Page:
Sometimes the two American agencies which are mandated to watch and promote religious freedom have arguments over how harshly to scold a country that offends. But some recent developments in Myanmar, reflecting the influence of hard-line Buddhist monks, have drawn a near-unanimous cry of disapproval in Washington DC. The United States Commission on International Religious Freedom (USCIRF), whose members are nominated by Congress as well as the administration, has said a proposed law on religious conversion should have “no place in the 21st century”. After predicting that the law could stoke fresh violence against Muslims and Christians, it said the American government should “factor these negative developments into its evolving relationship” with Myanmar. Meanwhile the State Department said that by proposing to criminalise inter-faith marriage, the Burmese government risked contravening its own stated intention of promoting tolerance and human rights.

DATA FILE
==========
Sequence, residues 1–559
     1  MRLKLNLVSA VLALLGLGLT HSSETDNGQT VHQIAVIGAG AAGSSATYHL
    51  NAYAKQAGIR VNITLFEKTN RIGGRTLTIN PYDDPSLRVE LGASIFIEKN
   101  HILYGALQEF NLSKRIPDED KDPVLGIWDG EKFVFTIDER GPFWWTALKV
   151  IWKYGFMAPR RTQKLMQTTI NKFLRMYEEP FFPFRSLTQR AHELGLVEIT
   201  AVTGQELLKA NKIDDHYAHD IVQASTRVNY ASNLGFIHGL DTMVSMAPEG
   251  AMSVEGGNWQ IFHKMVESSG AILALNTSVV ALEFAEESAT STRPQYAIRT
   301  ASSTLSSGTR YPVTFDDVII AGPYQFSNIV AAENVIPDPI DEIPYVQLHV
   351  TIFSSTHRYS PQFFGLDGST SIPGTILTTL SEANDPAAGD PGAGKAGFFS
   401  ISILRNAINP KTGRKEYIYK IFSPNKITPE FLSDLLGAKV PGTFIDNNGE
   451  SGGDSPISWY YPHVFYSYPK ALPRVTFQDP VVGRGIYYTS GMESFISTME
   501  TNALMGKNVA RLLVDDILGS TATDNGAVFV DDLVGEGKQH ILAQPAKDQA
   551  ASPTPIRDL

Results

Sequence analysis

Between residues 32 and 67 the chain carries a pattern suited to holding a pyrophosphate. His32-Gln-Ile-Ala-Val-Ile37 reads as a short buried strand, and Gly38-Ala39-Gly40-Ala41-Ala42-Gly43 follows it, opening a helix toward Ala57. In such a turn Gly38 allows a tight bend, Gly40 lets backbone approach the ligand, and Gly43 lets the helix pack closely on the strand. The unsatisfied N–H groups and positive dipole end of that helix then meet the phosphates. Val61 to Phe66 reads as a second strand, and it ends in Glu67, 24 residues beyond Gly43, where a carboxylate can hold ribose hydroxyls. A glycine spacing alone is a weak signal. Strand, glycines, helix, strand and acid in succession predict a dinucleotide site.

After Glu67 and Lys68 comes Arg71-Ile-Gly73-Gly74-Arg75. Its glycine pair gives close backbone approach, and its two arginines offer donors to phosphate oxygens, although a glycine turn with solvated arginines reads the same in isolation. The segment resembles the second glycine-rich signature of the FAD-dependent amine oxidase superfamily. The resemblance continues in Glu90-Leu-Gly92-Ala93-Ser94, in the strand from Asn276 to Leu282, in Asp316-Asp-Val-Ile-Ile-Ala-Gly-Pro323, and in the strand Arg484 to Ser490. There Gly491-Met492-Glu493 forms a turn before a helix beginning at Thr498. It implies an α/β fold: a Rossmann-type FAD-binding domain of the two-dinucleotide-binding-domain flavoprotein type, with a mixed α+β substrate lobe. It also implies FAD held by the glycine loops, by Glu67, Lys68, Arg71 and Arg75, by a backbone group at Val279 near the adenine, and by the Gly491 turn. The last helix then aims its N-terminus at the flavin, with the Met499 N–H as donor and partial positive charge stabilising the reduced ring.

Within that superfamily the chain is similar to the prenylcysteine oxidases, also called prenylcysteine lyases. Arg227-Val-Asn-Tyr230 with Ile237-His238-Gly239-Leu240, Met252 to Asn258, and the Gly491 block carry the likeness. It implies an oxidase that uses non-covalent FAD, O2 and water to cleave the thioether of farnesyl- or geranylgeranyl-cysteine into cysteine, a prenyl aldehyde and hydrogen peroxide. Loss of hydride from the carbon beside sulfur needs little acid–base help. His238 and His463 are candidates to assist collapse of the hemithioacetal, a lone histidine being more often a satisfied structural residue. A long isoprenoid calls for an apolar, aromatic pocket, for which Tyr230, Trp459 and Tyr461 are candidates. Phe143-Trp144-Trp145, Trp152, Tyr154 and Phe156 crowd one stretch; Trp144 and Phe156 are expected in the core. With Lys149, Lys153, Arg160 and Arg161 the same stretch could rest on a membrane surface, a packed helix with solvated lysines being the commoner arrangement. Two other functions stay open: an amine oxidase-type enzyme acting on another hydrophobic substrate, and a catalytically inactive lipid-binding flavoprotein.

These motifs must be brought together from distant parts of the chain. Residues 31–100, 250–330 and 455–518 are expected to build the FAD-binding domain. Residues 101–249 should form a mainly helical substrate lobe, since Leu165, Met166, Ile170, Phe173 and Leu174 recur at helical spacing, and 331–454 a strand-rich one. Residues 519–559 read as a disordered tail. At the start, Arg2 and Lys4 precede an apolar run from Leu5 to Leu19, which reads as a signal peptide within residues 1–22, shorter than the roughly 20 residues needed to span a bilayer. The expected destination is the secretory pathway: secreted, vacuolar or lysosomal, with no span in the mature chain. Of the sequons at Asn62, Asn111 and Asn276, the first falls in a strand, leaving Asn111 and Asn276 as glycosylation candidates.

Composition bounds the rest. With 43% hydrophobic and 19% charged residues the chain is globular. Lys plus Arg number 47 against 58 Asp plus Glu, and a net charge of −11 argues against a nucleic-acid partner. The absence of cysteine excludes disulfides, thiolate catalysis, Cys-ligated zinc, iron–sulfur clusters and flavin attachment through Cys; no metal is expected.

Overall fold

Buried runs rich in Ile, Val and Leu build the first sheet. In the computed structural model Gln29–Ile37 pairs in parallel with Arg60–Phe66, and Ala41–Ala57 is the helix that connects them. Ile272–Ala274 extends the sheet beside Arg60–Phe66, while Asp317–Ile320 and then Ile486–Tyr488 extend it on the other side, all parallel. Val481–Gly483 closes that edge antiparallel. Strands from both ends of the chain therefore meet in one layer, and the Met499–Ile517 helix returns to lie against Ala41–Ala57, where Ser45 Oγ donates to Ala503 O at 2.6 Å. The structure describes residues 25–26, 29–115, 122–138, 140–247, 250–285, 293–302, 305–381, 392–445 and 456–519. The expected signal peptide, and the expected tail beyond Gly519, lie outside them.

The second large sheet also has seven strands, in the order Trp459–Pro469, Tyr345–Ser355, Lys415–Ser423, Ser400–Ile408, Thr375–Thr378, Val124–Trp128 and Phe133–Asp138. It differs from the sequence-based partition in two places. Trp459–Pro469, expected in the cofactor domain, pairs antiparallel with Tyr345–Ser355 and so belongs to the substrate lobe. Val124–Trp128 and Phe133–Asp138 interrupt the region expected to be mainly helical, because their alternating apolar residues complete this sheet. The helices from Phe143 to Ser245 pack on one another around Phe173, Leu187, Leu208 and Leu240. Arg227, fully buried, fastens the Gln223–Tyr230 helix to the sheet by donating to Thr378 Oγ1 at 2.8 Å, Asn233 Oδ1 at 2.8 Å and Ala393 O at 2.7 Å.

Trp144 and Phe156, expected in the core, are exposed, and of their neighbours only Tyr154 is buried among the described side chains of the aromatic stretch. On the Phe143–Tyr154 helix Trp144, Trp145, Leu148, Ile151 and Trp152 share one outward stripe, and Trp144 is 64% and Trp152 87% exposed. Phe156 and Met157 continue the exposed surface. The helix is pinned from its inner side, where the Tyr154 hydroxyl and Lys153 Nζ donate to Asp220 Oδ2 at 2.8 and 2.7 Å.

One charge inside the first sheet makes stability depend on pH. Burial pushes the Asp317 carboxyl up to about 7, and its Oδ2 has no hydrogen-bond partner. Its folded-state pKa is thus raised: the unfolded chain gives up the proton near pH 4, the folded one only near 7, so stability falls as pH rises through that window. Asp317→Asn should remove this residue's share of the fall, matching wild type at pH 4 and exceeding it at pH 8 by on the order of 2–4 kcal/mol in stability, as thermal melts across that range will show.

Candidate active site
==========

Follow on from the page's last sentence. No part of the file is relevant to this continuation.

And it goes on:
The conversion bill, which would require anyone wanting to change religion to seek permission from local authorities, is one of four bills which the government has drawn up under pressure from a group of zealous Buddhist monks called Mabatha. Under the mooted conversion law, anybody applying to convert “with the intention of insulting or destroying a religion” could be jailed for up to two years, and people who “compel” others to convert through “undue influence or pressure” could also go jail for a year. The other proposed laws concern marriage between people of different religions, birth rates and polygamy. All the measures are seen as an attack on non-Buddhist minorities, especially the country’s 2.2m Muslims who came off worst in a series of outbreaks of inter-communal violence since 2012.